Toledo Mayor D. Michael Collins was elected last November largely on the strength of his support by local unions, public and private sector. When he took office in January, many Toledoans — including this page — were apprehensive that the grateful mayor, a former president of the city police officers’ union, would show excessive deference to all municipal unions.
But city government’s new contract with its largest union — the first full agreement negotiated by the Collins administration — adequately balances the interests of taxpayers and employees. It’s an encouraging sign.
Under the three-year agreement, the 800 or so members of Local 7 of the American Federation of State, County, and Municipal Employees will get modest annual raises of 1.5 percent, taking effect on Jan. 1 of each year. The typical local member earns less than $40,000 a year.
The administration previously agreed to reopen the union’s last contract to provide a 2.5 percent raise, retroactive to Jan. 1 of this year. But before that, union members had accepted a two-year wage freeze and higher medical and pension costs, as the city struggled to emerge from the Great Recession.
Significantly, the new contract eliminates a provision by which taxpayers previously paid a major share of pension costs that otherwise would have been borne by employees. Such “pension pickups” mask the true cost of contract settlements to taxpayers; fortunately, they are on their way out in Toledo. The savings to the city from that item will largely offset the cost of the pay raises.
The contract also is silent on layoffs during its term. That could provide city government a needed source of flexibility if its fiscal conditions worsen unexpectedly, although Mayor Collins told The Blade’s editorial page last month: “God forbid we do layoffs.”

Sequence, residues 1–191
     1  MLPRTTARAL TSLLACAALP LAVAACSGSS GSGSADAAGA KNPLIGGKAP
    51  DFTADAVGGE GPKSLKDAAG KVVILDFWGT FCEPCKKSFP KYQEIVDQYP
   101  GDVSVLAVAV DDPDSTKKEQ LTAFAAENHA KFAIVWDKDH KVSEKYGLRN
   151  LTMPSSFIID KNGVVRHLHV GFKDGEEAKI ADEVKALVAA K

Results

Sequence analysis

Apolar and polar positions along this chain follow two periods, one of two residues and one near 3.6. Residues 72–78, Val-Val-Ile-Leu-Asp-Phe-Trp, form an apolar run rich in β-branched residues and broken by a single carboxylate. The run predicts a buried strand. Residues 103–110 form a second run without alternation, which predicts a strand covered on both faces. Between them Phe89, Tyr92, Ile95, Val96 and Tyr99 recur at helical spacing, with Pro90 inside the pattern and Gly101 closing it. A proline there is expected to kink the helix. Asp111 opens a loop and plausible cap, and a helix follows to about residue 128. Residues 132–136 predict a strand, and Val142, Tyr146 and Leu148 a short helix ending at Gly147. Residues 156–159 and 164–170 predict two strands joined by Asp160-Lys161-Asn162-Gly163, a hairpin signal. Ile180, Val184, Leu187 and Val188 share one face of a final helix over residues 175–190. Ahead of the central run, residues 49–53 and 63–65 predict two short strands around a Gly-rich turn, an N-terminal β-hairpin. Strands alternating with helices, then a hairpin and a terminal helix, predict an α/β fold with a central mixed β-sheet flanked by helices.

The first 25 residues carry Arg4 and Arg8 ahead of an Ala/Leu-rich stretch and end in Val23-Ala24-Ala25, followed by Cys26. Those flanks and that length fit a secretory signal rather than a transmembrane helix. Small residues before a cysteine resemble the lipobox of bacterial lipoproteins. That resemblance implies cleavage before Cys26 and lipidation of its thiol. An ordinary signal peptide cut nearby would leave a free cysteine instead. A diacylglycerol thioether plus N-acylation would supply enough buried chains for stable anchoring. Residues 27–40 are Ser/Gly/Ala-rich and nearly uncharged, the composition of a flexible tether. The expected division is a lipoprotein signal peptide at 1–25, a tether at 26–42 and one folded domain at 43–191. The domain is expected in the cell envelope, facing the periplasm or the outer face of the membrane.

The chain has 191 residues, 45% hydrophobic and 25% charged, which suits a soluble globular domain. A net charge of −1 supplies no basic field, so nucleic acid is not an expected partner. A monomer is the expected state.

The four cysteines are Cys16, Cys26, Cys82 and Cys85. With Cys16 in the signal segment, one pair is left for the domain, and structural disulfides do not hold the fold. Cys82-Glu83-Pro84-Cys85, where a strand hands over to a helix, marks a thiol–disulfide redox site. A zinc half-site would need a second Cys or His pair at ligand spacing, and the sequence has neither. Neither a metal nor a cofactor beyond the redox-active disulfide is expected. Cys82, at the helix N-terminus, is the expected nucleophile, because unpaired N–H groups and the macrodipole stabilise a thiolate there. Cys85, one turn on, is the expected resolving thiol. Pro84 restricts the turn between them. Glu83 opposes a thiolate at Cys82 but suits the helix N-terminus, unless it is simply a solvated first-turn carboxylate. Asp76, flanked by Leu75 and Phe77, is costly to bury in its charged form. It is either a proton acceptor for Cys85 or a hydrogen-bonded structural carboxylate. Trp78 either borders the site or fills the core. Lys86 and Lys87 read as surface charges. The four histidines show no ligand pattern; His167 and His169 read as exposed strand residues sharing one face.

The mayor said the new AFSCME agreement enables the city to “define our human capital costs for the next 36 months.” Although critics called the contract’s new language on sick time overly generous, Mr. Collins said the contract gives the city greater latitude to discipline employees who violate sick-time, vacation, and attendance rules, or abuse drugs or alcohol. The agreement also gives the city greater flexibility to employ seasonal workers.
More than two-thirds of the Local 7 members who voted on the contract approved it. In a welcome change from recent years, city and union bargainers reached the new agreement before the old one expired.
The agreement with the civilian union sets useful precedents for when the administration will have to deal with more-fractious bargaining units, notably police officers and firefighters. City government’s relations with its employee unions have often been tense in recent years. It’s to be hoped that this contract will set a calmer and more conciliatory tone.